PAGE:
Zooming In: Israel on a Municipal Level

Issues of Jewish-Arab relations in Israeli society span across diverse public policy issues, including urban design and city planning. Generally Jewish and Arab populations live in separate towns governed by separate municipalities. While some of these towns may be in close proximity to one another, their planning and budget allocation are worlds apart.

I had the opportunity to visit Nazareth on Christmas Eve with the staff of the Abraham Fund Initiatives where we learned about relations between the Christian and Muslim minorities in Nazareth and the neighboring Jewish town of Nazareth Illit. This visit aptly demonstrated the complexity of relations between the populations within Israel’s borders, and tensions that exist among the minority population itself.

Nazareth sprawls across a hillside, its neighborhoods stretching far outside of the center city. A main street divides the city of Nazareth from the more recently built, predominantly Jewish city of Nazareth Illit. These two cities are administered and governed separately. Government led polices have resulted in designation of land for many large industrial zones bordering Arab neighborhoods. Several industrial zones are located next to Nazareth, but due to government zoning policies these business parks and commercial areas are under the jurisdiction of and pay property taxes to Nazareth Illit.

View overlooking Nazareth from a hilltop. (courtesy)

Socioeconomic statuses of cities in Israel are divided into ten levels. The City of Nazareth is ranked 3/10 while Nazareth Illit is ranked 6/10. Over the past few years, the two cities have experienced higher levels of internal migration. State designation of land for Jewish neighborhoods and industrial zones adjacent to Arab towns has largely prevented these Arab cities from needed expansion to house their growing populations. As a result, there is a rising trend of Arab residents moving to Nazareth Illit in search of enhanced municipal services and more space to raise their families. This pattern is accompanied by its own set of problems, with a lack of suitable infrastructure in Nazareth Illit, such as schools and places of worship, to accommodate the growing Arab community there.

Issues concerning property tax allocation and municipality administration exist in other places across Israel where Jewish and Arab towns are located in close proximity. The Arab town of Iksal, also located close to Nazareth, is not benefiting from property tax revenue from the industrial zone that sits on its doorstop. Rather, the taxes from industrial zones in these areas benefit the local municipality of Emek Yisrael, which encompasses the generally wealthier Jewish residents living in Kibbutzim and Moshavim. Although they are neighbors, Iksal and the nearby Moshavim’s only form of economic cooperation is the sewage plant they share, again at a much closer proximity to Iksal. Unequal government investment in Arab towns has been systemic across Israel, leaving many of these towns with few resources to develop needed municipal programs and infrastructure.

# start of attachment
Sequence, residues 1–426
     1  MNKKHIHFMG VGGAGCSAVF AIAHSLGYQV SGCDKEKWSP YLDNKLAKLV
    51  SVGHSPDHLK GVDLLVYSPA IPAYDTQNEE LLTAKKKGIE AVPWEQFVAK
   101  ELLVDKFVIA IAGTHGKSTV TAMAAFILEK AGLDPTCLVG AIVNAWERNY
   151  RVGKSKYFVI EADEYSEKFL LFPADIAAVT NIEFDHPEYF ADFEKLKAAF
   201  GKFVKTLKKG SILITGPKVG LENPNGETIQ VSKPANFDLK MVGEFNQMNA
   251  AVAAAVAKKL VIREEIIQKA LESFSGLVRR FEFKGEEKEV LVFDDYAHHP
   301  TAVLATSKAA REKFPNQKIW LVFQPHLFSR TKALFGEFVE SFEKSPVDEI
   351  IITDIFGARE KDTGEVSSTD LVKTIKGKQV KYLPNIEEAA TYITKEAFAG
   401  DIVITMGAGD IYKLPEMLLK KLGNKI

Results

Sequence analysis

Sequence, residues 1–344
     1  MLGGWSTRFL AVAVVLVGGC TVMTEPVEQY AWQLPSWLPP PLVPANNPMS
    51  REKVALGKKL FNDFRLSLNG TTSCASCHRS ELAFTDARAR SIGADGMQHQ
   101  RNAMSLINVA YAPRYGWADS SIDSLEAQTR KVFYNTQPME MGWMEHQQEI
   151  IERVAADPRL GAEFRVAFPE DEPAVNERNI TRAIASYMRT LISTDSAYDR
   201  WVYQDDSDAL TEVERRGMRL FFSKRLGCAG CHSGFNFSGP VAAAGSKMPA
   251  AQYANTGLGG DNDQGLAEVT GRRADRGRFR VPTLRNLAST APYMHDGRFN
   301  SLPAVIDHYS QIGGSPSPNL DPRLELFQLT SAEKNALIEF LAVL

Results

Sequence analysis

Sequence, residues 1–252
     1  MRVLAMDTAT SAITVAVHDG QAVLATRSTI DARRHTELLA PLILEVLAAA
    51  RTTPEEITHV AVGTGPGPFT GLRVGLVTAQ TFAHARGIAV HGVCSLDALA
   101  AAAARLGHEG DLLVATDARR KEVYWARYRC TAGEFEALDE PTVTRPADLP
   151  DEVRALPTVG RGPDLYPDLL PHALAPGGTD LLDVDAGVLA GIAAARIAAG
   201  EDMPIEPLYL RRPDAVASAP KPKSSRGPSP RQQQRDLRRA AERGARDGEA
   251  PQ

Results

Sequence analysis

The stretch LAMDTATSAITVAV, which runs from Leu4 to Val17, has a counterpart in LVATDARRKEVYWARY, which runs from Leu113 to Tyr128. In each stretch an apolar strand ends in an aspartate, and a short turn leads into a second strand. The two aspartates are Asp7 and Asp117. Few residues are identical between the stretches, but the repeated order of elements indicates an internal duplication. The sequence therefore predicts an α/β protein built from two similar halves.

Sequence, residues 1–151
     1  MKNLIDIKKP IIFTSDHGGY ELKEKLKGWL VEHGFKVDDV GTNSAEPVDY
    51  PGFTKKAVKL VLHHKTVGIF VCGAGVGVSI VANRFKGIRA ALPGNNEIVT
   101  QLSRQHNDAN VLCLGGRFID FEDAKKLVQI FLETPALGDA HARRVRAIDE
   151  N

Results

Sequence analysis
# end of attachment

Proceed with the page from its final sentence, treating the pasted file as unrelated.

The Arab population in Nazareth is diverse, with the majority Muslim and one third Christian. The presence of the Christian population was especially distinguishable on Christmas, with numerous churches and city streets elaborately decorated. Much of the land in Nazareth is owned by the churches there, and this land is officially recognized by Israel. The Christian population also tends to have a higher socioeconomic status and education level than the Muslim population. Muslim lands are all privately owned and the population tends to be less wealthy.

Greek Orthodox Church decorated for Christmas. (courtesy)

Lifestyle and cultural differences may exist within Nazareth’s population, but the two religions practice side by side. While on a tour of Nazareth’s main religious sites, we were able to observe the famous White Mosque located next to the Church of Annunciation where the Virgin Mary was believed to have resided when she was pregnant with Jesus. There are eight different sects of Christianity in Nazareth alone, evident when we visited a Greek Orthodox Church down the street. I felt transported to a different world while still inside Israel’s borders. The existence of diverse minority cities and towns in Israel make it a multicultural “melting pot,” a reality that is sometimes overlooked. Israel must learn how to respect these minority areas. The city of Nazareth, central to the beliefs of so many around the world, will continue to exist. If crucial problems such as lack of tax revenue and public land are not dealt with, movement of Arabs into towns like Nazareth Illit will only continue. Integration by economic necessity can be positive, but only if Israel is prepared to accept this new reality. Only time will tell.

About the Author
Originally from the Boston area, Rachel worked for the past two years at the Consulate General of Israel to New England as its Director of Community Relations. Rachel graduated from the University of Rochester in 2015 where she studied Political Science. She will be interning with the Abraham Fund until January.